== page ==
Nebraska high schools have written the book on the first year of the “sub-state” experience.
While tweaks undoubtedly will follow, the result appears satisfactory. The eight best teams in each class didn’t qualify — that’s never going to happen — but the fields for the boys and girls state tournaments look pretty exciting.
And the western teams didn’t get shut out.
That was the purpose, wasn’t it? To eliminate all those western Nebraska teams? That was the talk on the street.
But look what happened.
Sidney, Mitchell, North Platte St. Pat’s, Dundy County-Stratton and Mullen qualified in the girls tournament; Scottsbluff, Alliance, Ogallala, Bridgeport, Paxton and Wauneta-Palisade qualified for the boys tournament. All would be have been playing in those western-most district finals had the geographic district finals stayed in place.
So the wild, wild west will have its representation.
However, those representatives may be a little road weary.
Nebraska is a big state — a really big state — and there’s not getting around it. Matchups like Falls City Sacred Heart vs. Crawford are unavoidable. If Crawford would have played a team equal distance to the north, the opponent would have ended every sentence with ‘eh.’
If Falls City would have traveled east, Illinois would have been covered. Northeast would reach into Wisconsin.
If either team met someone that far away to the south, they would have been in Texas.
That being said, Cozad seemed like a better option.
But neutral sites don’t produce big crowds. Ticket sales at some games probably didn’t pay the referees, let alone the travel costs.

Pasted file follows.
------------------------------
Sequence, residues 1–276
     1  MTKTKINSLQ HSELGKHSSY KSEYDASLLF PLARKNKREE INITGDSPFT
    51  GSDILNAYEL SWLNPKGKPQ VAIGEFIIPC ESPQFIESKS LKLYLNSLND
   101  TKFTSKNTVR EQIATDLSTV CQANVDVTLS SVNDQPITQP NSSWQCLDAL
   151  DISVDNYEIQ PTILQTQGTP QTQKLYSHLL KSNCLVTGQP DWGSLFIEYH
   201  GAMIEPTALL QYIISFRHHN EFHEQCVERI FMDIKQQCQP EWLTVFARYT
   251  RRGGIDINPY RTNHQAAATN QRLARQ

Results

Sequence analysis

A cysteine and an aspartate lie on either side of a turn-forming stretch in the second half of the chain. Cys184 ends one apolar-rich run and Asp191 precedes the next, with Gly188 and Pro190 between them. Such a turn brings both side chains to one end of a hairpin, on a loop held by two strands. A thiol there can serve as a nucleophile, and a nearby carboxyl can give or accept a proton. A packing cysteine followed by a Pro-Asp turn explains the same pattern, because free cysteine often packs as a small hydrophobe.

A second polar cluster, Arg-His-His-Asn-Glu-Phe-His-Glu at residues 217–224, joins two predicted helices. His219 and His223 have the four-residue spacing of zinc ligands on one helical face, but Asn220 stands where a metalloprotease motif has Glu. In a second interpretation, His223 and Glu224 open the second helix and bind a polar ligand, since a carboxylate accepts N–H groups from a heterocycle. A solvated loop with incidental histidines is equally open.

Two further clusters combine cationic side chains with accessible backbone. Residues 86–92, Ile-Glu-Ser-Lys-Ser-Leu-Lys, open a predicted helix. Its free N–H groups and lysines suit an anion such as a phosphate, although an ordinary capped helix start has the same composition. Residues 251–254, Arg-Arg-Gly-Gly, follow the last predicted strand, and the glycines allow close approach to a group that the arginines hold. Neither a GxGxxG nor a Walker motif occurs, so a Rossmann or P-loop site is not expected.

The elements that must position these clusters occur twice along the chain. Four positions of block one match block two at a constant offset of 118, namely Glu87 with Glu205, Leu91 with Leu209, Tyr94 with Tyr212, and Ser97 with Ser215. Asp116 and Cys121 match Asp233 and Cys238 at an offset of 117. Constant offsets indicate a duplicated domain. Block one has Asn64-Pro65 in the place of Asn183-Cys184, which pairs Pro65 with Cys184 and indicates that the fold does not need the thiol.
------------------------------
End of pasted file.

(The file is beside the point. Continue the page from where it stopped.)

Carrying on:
Atmosphere is important to high school basketball. The excitement blanketed anyone at Tuesday night’s Kearney-Lincoln North Star game where the seats were filled and you couldn’t find a lot of elbow room to stand along the railing.
Yes, Kearney had a home-court advantage but North Star players had reason to get a little amped up too. That might not have been the case at every neutral-site game where distance and iffy road conditions cut into the crowd.
Is it unfair to have Crawford travel to Falls City? Or Scottsbluff to a Seward? Or Alliance to Elkhorn? Or the other way around?
You can expect that question to come up very soon.
On the other hand, while traveling with the home team isn’t part of your game plan, watching two unfamiliar teams get together in your back yard can be enjoyable. Ogallala and Columbus Scotus played a great game at Kearney High. Seeing the Wahoo girls playing here was a treat as well.
Then there is the increased possibility of getting a back-yard rivalry showdown at state to consider.
It may take some retooling, but the state-wide playoffs have advantages over the geographic method.
Some quick notes:
-- District basketball week is usually the week the Sandhill cranes begin to flood the Platte Valley. This year, they better have packed their snow boots.
-- According to UNK track coach Brady Bonsall, a devotee of Accu-Weather’s long-term forecasts, Kearney won’t see a 70-degree day until April 16. So, consider this Groundhog Day.
-- Upsets happen. At the NCAA Super Region VI wrestling tournament at the UNK Health and Sports Center on Saturday, six of the 10 No. 1 seeds lost.
-- The MIAA track meet was a tough one. While the Loper men finished seventh and the women tied for seventh, the UNK athletes came away with 36 season-best performances.
-- In case you were wondering, UNK’s Jake Bartling would have placed eighth at the Big Ten meet in the shot put. Teammate Tanner Barth would have been 10th.